The rate of pub closures has slowed from 27 a week to 21.
In March 2015, we wrote a piece about the pub sector, claiming that new innovations, the rise of craft beer and a firm move towards gastro pubs had reversed the trajectory of a great British establishment.
Now, a year and a half later, we return to the subject to see how the area has developed.
In a year that has brought more pub closures and Brexit, what we find is a market in full transition: No longer is the classic daytime pub profitable, what is required is an added value proposition.
Here, we show how independent and chain operators are embracing this new world to grow the sector, saving the pub as they do it.
For operator, customer and everybody in between, a good piece of news has to be that while pubs are still disappearing from our streets, the rate of closure has slowed from 27 a week to 21, according to the Guardian.
This shows that 2016 – as predicted – has been a year of growth for the industry. But why are pubs still on the decline?
The Guardian reports that the trend has been attributed to factors including pub prices comparing unfavourably with the cost of alcohol in supermarkets and changing cultural habits, with more people entertaining and enjoying a tipple at home.
Another common issue is large chains disposing of existing pub property, selling or redeveloping premises for other purposes, such as housing or supermarkets.
Despite these persistent issues, the rate of decline is slowing.
Of course, the last year hasn’t been straightforward due to Brexit. Britain’s decision to leave the European Union has had an impact on the leisure and hospitality sector.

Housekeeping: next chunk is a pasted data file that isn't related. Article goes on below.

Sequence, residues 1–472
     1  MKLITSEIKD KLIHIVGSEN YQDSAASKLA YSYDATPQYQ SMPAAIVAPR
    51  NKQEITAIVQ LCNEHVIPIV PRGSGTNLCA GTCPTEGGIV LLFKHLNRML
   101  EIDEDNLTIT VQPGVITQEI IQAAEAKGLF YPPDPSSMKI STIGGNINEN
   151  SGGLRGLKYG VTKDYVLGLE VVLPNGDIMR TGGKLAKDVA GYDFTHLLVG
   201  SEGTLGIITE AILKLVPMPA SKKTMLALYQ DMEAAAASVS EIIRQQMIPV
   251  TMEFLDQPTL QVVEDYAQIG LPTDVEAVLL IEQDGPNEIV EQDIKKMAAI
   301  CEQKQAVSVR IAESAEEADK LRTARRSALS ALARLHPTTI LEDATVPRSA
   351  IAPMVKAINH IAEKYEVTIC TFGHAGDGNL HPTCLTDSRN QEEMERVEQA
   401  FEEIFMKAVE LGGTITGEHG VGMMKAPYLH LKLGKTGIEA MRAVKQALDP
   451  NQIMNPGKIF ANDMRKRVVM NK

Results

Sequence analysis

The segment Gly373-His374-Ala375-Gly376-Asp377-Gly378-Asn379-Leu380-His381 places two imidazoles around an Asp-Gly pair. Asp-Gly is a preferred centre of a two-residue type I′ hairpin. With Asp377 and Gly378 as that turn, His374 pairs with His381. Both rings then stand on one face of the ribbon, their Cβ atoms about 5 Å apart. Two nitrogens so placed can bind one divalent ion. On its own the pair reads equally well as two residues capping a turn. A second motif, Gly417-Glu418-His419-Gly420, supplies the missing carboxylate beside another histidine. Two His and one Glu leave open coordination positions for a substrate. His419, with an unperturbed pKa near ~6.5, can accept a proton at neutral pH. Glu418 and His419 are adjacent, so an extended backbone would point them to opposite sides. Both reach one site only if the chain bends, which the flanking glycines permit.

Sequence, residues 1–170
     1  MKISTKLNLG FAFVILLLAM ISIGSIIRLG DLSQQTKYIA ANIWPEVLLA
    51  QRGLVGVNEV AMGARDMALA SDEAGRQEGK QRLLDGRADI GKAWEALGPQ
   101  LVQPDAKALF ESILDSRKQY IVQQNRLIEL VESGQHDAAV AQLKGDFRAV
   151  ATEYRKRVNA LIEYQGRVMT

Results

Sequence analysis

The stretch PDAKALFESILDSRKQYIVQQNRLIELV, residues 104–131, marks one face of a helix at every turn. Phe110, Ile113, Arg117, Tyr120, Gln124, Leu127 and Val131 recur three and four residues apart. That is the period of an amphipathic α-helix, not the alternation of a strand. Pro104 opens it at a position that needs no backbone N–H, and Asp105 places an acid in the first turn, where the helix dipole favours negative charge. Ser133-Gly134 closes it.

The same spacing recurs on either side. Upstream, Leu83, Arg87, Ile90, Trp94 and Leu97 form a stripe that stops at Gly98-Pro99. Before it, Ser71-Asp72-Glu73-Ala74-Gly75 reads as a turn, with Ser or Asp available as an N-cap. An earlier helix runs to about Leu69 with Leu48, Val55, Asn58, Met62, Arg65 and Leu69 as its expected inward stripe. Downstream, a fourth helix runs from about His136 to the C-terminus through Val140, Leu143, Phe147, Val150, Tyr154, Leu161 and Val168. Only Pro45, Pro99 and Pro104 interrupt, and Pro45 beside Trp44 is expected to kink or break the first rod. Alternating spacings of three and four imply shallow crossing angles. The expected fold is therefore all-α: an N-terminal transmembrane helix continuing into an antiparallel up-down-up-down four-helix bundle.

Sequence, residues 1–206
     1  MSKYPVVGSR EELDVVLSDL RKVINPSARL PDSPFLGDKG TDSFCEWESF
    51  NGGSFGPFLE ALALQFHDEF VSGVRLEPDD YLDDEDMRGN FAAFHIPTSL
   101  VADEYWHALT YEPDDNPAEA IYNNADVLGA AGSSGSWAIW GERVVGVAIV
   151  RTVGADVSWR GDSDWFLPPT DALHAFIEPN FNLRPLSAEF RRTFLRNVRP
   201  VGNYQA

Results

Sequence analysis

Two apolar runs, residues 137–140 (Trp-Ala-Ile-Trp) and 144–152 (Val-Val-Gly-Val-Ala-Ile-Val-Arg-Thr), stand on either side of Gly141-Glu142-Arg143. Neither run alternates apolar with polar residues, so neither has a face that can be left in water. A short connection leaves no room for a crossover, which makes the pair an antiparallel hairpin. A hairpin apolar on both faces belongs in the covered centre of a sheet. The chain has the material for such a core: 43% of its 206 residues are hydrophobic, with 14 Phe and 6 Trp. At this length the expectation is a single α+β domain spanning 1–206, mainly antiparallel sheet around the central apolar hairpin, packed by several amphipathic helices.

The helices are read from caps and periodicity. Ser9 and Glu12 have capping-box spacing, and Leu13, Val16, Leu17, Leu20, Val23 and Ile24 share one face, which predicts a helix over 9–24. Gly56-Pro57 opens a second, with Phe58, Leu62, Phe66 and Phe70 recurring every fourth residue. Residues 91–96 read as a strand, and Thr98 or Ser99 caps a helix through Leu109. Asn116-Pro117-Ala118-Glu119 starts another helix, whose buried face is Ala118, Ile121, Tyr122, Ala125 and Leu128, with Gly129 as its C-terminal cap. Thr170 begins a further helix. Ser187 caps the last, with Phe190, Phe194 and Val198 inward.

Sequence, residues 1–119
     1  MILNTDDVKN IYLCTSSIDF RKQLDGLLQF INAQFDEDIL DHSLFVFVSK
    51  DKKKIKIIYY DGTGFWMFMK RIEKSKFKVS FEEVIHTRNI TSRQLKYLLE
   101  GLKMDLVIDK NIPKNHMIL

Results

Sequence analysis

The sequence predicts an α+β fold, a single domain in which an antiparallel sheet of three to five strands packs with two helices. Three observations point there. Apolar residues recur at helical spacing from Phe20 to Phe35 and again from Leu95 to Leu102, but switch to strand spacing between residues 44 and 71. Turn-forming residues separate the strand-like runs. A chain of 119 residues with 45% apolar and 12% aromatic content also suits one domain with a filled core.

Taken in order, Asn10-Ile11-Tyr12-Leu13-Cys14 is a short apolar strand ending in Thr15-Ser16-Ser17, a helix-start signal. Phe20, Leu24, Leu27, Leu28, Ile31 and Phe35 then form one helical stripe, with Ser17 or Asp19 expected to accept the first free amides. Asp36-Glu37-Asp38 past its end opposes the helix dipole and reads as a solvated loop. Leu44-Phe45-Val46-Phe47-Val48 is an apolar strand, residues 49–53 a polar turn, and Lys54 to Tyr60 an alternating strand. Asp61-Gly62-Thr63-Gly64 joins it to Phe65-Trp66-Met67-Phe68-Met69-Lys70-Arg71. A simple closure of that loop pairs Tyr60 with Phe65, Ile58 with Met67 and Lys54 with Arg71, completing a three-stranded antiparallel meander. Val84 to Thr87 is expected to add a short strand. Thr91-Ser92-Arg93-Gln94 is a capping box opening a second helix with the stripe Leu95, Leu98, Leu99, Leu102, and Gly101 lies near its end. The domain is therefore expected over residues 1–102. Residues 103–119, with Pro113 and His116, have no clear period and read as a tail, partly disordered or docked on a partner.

We discussed many of the repercussions in a recent article following the referendum result. According to one poll, half of small food service operators – including pub owners – said leaving the European Union would reduce red tape. One could speculate that this has contributed to the slowdown in closures.
As we argued, however, building new pubs historically means employing skilled trades people from the continent, which will now be more restricted.
With the sector in flux, the market is relying on outside pressure to see closure decisions turned around and to bring innovation to what has – until recently – been relatively stable.
The British Beer & Pub Association (BBPA) have asked the Government for greater stability in the licensing system. A House of Lords Select Committee inquiry on the Licensing Act 2003 is about to take place so the request from the BBPA comes at an optimum time.
Peers will begin taking evidence later this month, with BBPA Chief Executive Brigid Simmonds scheduled to appear on 18th October. Perhaps this could lead to legislative changes to protect pubs.
Sadiq Khan has already made London’s nightlife a top priority, with cultural life one of his “top four” priorities. He is now looking to appoint a “night czar” to ensure that London’s pubs and restaurants are protected. The plan is to ensure that “grassroots” and independent venues are not forced to close.
Faced with the trend of local pub closures, some councils are taking action to use a special piece of legislation – an “Article 4 direction” that will force bars and pubs to seek permission from the council before being repurposed or knocked down.
This has recently happened in Wandsworth, south London, where 120 bars and pubs have been placed under additional protection.
It seems that there is huge opportunity in the market at the moment for pub owners looking to renovate their premises or for those looking to take up the exciting challenge of pub ownership.
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